Destruction Unit

Interview by Brenda Bosma
Photos shot by Sam Monkarsh in New York, USA

Helmed by Jes Aurelius, Destruction Unit’s guitar triad are responsible for the menacing and impenetrable wall of distorted grit that distinguishes the Arizona five-piece’s dark and noisy psych freakery. He spoke to us about desperation, testing the audience and seeing Fata Morgana’s in the Arizona desert

Do you listen to your music at home?

Speaking of Destruction Unit specifically, I don’t really ever listen to it. When the songs are done being recorded, that’s probably the last time. Some of the songs on the new record I haven’t listened to since the studio.

Why is that?

I think the new album is great, both live and recorded, but I’ve already had to listen to it hundreds of times while recording, mixing and mastering so that I don’t really need to hear it again. Plus, we play a lot of those songs every night of tour, so the last thing I want to do is listen to the record when we’re not playing.

So when you’re at home on the couch with a guitar, you also won’t be playing any riffs from the album?

Probably not. Chances are, we’re already working on the next thing. Not specifically Destruction Unit, but something new. We all have a lot of active projects, so when we are at home, we’re probably working on the next thing. Whether it’s new Marshstepper material, solo material, writing, video editing… always looking forward.

What do you like to listen to at home if it’s not your other projects?

Personally, I listen to a lot of classical music. Debussy, Schoenberg, Webern, Berg… For pop music, maybe Kate Bush or Gal Costa.

‘It’s a strange world, and if there is any way to go out to the edge of it and report back, face the demons, learn to survive with what you find most difficult, it’s something worth doing’

There’s a lot of heaviness in your performance. Some might call it anger. Do you feel like a different person after the show?

I wouldn’t say there is anger – desperation, maybe. Honestly, I don’t particularly enjoy playing live all that much. Sometimes it’s nice, but I would rather be in the studio working on new things. However, we are on a pretty long tour at the moment, and I do enjoy the new songs we’re playing, so it’s something that needs to be done. I certainly do feel exorcised to some extent.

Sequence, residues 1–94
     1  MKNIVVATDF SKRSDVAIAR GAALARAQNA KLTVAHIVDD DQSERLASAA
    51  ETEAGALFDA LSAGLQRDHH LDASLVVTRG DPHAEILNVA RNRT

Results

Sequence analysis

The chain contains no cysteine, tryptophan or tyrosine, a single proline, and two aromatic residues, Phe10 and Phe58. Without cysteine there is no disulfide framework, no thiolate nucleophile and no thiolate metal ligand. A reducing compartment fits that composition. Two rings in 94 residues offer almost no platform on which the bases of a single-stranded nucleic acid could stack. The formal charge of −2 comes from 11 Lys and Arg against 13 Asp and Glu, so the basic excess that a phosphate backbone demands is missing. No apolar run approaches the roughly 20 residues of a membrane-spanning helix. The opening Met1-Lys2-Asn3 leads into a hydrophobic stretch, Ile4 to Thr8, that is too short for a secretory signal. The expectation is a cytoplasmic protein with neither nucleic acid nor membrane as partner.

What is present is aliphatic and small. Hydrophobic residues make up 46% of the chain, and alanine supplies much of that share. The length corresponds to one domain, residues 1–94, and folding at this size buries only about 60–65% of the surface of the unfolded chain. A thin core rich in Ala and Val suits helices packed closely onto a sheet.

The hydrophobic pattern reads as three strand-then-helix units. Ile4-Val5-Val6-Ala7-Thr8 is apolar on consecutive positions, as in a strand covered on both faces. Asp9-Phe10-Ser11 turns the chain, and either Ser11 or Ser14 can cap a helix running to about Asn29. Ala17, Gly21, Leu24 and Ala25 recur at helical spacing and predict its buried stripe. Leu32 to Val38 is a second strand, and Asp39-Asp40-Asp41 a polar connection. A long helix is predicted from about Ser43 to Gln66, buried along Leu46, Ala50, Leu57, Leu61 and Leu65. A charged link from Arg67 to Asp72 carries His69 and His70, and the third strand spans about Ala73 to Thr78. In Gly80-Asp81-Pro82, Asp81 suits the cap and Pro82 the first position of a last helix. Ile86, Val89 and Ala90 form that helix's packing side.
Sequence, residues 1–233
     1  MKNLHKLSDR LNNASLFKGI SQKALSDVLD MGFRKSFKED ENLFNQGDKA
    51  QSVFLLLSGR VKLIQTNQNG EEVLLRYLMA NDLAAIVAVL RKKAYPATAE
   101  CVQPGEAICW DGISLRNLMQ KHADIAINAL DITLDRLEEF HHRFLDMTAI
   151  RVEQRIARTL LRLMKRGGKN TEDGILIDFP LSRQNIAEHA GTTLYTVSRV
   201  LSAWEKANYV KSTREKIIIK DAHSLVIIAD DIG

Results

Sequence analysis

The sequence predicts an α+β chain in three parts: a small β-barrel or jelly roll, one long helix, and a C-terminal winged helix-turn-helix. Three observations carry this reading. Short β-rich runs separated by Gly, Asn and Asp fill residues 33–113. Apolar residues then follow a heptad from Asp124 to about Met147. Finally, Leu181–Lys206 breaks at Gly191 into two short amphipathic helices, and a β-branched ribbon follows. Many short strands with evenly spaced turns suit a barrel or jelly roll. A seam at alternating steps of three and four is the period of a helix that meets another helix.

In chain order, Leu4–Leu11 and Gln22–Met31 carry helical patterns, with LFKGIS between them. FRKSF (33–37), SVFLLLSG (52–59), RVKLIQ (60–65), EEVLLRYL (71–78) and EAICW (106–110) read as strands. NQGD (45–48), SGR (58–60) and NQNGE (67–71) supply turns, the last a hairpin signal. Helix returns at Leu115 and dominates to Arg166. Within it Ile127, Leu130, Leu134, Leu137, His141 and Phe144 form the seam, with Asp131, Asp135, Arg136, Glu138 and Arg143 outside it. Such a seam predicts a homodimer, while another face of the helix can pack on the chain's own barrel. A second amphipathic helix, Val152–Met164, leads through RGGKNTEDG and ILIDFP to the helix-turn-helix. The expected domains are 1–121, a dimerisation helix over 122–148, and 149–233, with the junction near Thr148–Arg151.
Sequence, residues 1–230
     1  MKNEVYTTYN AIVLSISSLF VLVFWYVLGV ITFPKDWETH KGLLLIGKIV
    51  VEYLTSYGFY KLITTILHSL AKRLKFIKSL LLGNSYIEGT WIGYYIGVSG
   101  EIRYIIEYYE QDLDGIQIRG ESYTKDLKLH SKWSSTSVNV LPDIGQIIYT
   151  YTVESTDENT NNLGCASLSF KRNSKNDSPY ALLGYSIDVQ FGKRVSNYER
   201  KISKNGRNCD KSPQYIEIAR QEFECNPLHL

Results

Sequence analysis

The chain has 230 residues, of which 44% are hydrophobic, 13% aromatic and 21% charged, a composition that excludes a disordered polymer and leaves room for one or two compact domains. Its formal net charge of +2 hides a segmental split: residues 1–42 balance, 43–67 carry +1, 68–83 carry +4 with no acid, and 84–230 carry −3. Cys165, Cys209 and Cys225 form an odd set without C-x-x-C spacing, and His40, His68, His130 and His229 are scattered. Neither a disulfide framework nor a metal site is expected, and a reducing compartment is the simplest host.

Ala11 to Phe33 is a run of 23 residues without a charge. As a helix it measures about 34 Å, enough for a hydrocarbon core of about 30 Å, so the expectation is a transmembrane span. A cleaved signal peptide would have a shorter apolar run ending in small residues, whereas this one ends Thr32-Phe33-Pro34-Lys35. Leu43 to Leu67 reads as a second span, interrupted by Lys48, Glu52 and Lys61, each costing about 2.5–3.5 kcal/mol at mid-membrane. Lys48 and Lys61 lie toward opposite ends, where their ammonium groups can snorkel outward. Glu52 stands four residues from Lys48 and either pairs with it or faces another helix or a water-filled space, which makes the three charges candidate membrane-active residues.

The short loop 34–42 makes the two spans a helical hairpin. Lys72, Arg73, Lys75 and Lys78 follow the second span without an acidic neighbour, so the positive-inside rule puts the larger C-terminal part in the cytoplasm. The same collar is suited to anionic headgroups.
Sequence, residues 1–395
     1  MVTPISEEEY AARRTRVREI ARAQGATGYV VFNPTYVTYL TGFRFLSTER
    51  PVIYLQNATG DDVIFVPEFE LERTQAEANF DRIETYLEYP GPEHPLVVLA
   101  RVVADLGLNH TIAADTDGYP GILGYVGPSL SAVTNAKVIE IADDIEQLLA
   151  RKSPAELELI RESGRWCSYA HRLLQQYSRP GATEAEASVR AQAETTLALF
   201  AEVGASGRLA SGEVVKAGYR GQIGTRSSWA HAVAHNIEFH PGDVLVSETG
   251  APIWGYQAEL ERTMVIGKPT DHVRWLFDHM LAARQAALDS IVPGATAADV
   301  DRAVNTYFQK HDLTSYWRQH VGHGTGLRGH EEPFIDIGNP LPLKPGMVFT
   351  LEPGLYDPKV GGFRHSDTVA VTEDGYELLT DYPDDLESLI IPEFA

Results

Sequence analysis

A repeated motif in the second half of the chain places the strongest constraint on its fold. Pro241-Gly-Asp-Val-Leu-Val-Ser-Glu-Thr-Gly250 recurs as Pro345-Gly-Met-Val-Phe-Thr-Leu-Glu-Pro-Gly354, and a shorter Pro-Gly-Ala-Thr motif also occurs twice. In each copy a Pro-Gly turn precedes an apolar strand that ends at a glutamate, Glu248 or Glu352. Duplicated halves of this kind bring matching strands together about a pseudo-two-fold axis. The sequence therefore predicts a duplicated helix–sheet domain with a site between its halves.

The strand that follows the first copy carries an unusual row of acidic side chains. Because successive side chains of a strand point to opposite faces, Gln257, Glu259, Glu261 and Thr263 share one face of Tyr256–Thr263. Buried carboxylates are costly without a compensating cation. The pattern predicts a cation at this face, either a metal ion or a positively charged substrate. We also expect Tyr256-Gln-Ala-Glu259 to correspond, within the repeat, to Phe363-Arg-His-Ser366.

Would you say it feels like losing some baggage temporarily?

I suppose you could put it that way, yeah. Our shows are a very physical and confrontational experience, both for us and for people in attendance. It’s really a test of what we can get away with.

What kind of test are you talking about here?

There is both a sonic and a physical aspect to that. Pushing certain frequencies at extreme volumes will cause people to react in different ways. Some people take it as a meditative affair, while others will become quite enraged and sometimes combative. Same goes with the physical confrontation, of completely letting go. Some people enjoy the entertainment; others take it personally.

So then the baggage builds up again, like a sort of Groundhog Day?

I wouldn’t say it’s quite that simple, or that it works in such a clockwork manner. It’s maybe just one aspect of playing live.

Playing out of desperation… That sounds troublesome.

Well, I mean in the sense that this is all we have at the moment. We’ve all quit our jobs, I have no home… Not to say that Destruction Unit specifically is the be-all-end-all, but this artistic movement we’re pushing is of paramount importance to us.

That seems heavy, yet wonderful. I hope the desperation doesn’t come from expecting to fail?

I don’t expect us to fail, because there’s no such thing as failure in art. But the state of affairs in the world, socially, politically and such, is quite unsatisfactory in a lot of ways, and that’s where the desperation kicks in.

Do you do anything to flip that desperation?

There’s a lot of weed smoking, both before and after shows. Other than that, everyone sort of does their own thing.

Talking about psychedelic experiences, DU hails from the Arizona desert. You think it’s an influence?

It is an influence to an extent, yes. But it’s also a utility of sorts. There are many reasons I continue to live in the desert. Its seclusion from the rest of the country encourages innovation and experiment. There’s really not much of an audience in the south-west, so there’s no pressure to ‘get it right’. Being left alone to do what you’re going to do, without influences or scrutiny… you can find yourself getting quite creative. If you’re going to be on the cutting edge, it makes sense to go out somewhere that feels like the edge of civilisation. It’s a great challenge, to survive and keep pushing back. It’s a strange world, and if there’s any way to go out to the edge of it and report back, face the demons, learn to survive with what you find most difficult, it’s something worth doing.

It is probably also worth seeing a Fata Morgana every now and then. You ever seen one?

You see them all the time, certainly. The sun can play many tricks on the eyes.

Destruction Unit unleash their wall of sound on 17 October 2013 at dB’s, Utrecht – free for members. They’re also playing a ‘free for all’ show at Patronaat, Haarlem the next day.